• The reality check strategy involved using phrases such as “these are only pictures” and “I am participating in an experiment” (a form of cognitive reappraisal).
  • Only participants in the feedback group received visual feedback on their amygdala activity while they looked at the pictures and attempted to regulate their emotions.
  • Participants in the feedback group were also provided with visual feedback in the form of changing colored squares that corresponded with their amygdala activation. In the control group, these color squares changed randomly and the control participants were told they were meaningless.

What the study showed

  • By the fourth week, when participants performed the reality check, the feedback group showed significantly decreased amygdala activation as compared to the first week.
  • Interestingly, no such decrease of amygdala activity was observed in the control group even though they used the same reality check exercises.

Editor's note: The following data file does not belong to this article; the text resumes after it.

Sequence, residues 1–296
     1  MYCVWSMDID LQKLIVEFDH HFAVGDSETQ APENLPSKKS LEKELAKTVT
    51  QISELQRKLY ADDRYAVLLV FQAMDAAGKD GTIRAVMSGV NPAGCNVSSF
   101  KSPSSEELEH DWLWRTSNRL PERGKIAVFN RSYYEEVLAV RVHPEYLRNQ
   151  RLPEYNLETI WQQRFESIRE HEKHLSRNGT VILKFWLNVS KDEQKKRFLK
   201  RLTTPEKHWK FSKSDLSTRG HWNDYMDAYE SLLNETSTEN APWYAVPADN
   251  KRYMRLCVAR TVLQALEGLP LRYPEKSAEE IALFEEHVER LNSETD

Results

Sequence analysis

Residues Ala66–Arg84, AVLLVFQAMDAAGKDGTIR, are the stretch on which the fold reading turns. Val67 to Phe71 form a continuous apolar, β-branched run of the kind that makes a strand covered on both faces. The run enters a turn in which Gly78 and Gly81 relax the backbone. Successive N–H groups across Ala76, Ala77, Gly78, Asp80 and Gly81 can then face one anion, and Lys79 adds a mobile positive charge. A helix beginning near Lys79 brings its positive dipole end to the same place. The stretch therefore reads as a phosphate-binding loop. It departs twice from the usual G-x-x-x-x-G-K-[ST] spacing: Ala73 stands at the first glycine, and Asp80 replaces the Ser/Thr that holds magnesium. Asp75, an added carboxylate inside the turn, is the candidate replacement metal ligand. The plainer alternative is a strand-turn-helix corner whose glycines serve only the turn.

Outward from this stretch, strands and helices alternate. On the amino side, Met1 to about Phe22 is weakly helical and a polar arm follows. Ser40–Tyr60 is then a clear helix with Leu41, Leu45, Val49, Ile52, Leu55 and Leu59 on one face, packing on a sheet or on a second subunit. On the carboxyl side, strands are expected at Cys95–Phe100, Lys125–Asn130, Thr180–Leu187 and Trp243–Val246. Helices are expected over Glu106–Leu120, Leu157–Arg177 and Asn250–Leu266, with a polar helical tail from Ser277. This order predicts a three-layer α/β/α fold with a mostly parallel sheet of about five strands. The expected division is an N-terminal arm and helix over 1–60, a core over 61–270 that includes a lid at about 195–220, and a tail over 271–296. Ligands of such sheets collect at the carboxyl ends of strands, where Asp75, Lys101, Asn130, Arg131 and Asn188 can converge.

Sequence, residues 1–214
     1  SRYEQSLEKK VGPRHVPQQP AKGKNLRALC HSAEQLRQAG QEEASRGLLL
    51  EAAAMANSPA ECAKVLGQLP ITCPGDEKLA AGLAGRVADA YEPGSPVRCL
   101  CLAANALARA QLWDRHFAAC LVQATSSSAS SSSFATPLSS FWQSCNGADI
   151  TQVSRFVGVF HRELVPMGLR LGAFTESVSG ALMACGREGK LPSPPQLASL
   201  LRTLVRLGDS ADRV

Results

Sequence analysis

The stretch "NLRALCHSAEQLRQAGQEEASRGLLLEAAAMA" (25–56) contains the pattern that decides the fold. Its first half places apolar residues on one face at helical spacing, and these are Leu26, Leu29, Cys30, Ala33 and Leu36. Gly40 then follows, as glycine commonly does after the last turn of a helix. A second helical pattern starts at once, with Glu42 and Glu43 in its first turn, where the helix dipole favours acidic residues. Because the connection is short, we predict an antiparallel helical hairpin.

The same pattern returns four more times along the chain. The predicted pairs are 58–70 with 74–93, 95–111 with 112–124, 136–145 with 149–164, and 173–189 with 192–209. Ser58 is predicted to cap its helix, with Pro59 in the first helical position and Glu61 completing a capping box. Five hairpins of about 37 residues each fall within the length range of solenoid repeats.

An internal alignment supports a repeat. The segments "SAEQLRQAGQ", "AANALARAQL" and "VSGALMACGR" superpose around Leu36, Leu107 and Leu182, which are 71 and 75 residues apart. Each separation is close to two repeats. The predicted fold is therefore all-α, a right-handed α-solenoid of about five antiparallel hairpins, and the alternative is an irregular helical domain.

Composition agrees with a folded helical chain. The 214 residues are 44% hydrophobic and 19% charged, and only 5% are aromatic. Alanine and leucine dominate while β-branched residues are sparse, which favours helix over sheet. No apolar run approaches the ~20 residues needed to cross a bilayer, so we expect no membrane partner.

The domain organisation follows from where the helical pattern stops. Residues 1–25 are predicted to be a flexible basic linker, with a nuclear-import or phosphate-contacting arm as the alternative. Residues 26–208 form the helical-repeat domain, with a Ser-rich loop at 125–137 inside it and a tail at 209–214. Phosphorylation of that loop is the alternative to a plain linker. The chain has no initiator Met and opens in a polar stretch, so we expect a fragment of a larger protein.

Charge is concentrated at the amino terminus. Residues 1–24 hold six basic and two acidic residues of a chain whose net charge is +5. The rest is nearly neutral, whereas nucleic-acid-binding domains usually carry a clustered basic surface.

• The feedback group also exhibited better task-related communication between the amygdala and other brain areas involved in emotional control.

In short, although the sample sizes were small, this study strongly suggests that amygdala regulation can be trained and regulated. It also supports existing research showing promise for the application of neurofeedback in the treatment of problems like PTSD, anxiety, addiction, and depression that are associated with heightened amygdala activation.

Leanne O’Neil and her INDY Neurofeedback center team work with many clients suffering from anxiety disorders. If you would like to see if we can help you, give us a call to set up a free consultation.